Benediction Online

Sunday, June 27, 2010

Walking your Talk

Galatians 5:1, 13-25 Luke 9:51-62

I suggest you get a piece of paper. On one side is write Priorities and on the other Values.

I’d like you to take a few moments now to write down your Priorities as they come to mind – what do you prioritize in your life? What’s most important?

Now go to the other side and write down your values – what qualities do you think are most important?

When you compare your two lists I wonder whether you notice any discrepancies. Are the things that you are prioritizing in line with your values?

I think this is what Jesus had in mind in today’s gospel reading. On the face of it Jesus’ words are rather harsh, "No one who puts a hand to the plow and looks back is fit for the kingdom of God." But if you are plowing by hand with oxen or another animal pulling the plow, you have to look forward to see what you are doing. Looking back defeats the purpose.

If your priorities in life are not in line with your values it’s the same thing. You say you’re doing one thing but all the time you’re being pulled in a different direction. It’s like the man who wanted to bury his father before he followed Jesus. I don’t for a moment think that Jesus expects us not to bury our parents, but the man is ambivalent. He wants to follow Jesus but later when it’s more convenient. If he really wanted to follow Jesus, he’d do it - like the disciples who immediately left their nets and followed Jesus.

How ambivalent are you? Where in your priorities and values did you put following Jesus, or loving God or serving God? I know there are hundreds of other things you could be doing rather than sitting here today, so the fact that you are here this morning suggests that you want to make God a priority in your life. But is there something getting in the way? Are you waiting until you grow up? Waiting until you retire? Waiting until your ship comes in? Have you decided to put God first but then gotten distracted, like the man who started to plow his field but started looking back at where he’d been rather than forward at what he was plowing?

It’s as though we start every day with a certain amount of energy. If we are caught up in the past, remembering how things used to be, held captive by loss we’ve experienced or prone to nostalgic remembering, then some of our energy is being spent in the past and isn’t available for today. In the same way, if we are caught up with worrying about the future or the things we have to do, then we are spending energy on the future and it isn’t available for today. Jesus challenges us to pull our energy away from the past and the future and to follow him today, here and now, with nostalgia and without anxiety.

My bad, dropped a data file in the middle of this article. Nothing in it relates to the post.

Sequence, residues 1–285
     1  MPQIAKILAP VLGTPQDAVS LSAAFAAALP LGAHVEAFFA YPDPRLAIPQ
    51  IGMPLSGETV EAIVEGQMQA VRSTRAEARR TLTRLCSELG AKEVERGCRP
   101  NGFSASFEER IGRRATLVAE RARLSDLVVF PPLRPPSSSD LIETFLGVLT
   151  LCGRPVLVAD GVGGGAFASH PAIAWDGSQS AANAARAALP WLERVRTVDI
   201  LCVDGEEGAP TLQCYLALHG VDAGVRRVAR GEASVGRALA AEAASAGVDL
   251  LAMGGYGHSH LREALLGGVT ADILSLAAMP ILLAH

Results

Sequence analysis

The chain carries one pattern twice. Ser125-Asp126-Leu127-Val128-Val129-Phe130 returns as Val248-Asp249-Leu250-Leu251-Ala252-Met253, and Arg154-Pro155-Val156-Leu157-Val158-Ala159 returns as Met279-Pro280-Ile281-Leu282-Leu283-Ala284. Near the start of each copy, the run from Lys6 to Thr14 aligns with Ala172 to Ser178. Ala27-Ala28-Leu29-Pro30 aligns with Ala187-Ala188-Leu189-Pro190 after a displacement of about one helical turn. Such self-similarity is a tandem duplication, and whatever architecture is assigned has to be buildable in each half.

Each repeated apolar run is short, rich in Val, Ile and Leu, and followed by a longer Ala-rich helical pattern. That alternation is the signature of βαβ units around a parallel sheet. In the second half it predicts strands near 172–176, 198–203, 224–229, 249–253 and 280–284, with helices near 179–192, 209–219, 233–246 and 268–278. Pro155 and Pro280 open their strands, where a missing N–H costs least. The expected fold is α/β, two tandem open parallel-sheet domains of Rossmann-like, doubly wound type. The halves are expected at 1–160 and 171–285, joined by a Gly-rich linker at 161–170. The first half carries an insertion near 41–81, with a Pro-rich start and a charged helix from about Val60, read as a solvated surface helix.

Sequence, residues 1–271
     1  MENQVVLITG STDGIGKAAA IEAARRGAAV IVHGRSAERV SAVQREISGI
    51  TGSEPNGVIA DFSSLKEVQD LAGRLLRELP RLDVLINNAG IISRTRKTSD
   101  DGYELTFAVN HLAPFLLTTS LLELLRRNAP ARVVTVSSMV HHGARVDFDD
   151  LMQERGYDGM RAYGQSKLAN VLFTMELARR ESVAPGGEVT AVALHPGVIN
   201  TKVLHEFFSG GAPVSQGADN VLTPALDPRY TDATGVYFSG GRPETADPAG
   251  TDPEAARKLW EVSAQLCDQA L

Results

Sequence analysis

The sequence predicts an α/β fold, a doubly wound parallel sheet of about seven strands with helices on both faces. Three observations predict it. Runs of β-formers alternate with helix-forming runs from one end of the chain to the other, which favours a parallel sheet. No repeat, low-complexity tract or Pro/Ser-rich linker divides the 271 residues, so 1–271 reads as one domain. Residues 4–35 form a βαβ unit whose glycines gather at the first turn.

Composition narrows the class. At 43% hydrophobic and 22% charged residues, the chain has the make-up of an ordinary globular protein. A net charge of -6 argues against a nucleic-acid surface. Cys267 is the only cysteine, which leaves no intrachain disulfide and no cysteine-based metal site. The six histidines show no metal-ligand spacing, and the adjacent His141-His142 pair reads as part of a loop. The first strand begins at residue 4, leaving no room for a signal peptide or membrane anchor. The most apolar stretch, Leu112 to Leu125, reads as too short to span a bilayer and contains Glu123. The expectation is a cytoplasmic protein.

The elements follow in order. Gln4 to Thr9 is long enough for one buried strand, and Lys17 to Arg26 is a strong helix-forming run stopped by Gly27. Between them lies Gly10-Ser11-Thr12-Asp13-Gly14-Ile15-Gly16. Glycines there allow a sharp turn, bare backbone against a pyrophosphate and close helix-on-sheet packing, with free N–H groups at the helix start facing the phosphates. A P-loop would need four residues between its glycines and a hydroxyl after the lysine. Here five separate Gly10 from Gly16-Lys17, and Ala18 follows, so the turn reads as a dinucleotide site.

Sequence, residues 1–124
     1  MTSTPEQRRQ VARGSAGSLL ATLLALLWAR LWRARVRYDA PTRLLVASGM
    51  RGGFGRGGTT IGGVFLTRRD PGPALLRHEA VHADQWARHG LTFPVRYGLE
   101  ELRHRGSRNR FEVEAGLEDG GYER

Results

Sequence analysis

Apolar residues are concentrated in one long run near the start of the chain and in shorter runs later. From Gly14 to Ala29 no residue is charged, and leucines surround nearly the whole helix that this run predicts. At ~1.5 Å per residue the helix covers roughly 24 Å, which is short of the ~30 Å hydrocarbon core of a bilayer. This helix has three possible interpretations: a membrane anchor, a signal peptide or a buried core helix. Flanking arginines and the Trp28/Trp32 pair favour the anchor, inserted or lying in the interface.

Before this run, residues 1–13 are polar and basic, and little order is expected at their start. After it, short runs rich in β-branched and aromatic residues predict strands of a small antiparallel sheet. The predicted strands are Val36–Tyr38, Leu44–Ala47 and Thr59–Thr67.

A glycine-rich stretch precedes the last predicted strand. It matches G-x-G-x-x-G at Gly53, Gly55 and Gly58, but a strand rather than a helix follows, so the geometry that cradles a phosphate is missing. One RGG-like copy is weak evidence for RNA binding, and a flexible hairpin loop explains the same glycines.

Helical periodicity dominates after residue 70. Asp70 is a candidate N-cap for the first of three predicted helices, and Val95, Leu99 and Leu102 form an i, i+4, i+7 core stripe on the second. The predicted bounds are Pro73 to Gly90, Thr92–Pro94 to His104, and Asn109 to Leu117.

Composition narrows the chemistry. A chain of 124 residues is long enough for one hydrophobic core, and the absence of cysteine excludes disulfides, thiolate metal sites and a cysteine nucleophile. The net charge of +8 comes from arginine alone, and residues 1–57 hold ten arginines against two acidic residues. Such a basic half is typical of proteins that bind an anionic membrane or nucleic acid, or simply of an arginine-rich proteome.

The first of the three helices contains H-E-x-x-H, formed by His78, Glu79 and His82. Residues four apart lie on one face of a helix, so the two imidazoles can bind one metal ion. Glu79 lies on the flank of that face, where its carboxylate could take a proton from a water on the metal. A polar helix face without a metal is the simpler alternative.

The New Testament reading is all about the question of walking our talk - of making the way we do things match the values we say that we have. “Love your neighbor as yourself” is the second great commandment, right after love God with all you’ve got. And Paul says, take it seriously – if you say you’re following Jesus but get into backbiting and gossip it’ll come back to bite you. You’ll find yourself caught up in it again. You’ll stop being free because you’ll get caught up in the gossip and bad mouthing.

In the gospel reading the brothers James and John had a bad case of forgetting to love their neighbor. When the Samaritan villagers failed to offer them hospitality, James and John wanted to destroy the village with fire! We live in a time when American society has become polarized. It is normal for people to demonize those who disagree with them. We divide the world into good guys who think like we do and bad guys who think like they do, and if we could we’d just get rid of them. This is not loving our neighbor. If you are a Democrat your neighbor is a Republican. If you are against the sewer your neighbor is for it. If you are gay, your neighbor is a homophobe. If you oppose oil drilling, your neighbor supports it. As disciples of Jesus we get to practice being Christ-like which means loving those we disagree with, not cursing them or calling down fire and brimstone on them.

“The fruit of the Spirit is love, joy, peace, patience, kindness, generosity, faithfulness, gentleness, and self-control.” These are the values we are called to cultivate. Joy and peace are inner qualities, but the others are all practiced in relationship; Love, patience, kindness, generosity, faithfulness, gentleness, and self-control. It is in relationships that we are most challenged. Are we following Christ? Are we developing patience, gentleness, self-control?

Being a disciple of Christ is hard work. It may not be for everybody. It’s not feeling good on Sunday mornings and trying to be a good person. It’s watching the plow and trying to get the row straight and even, and doing it over and over again even when it isn’t convenient and even when it’s not much fun.

Does what you do match what you say? Do the things you prioritize match what you say is important to you? Are you living your values in your life? And are your values the values of God?

What are the fruits of your life? Are they love, joy, peace, patience, kindness, generosity, faithfulness, gentleness, and self-control?


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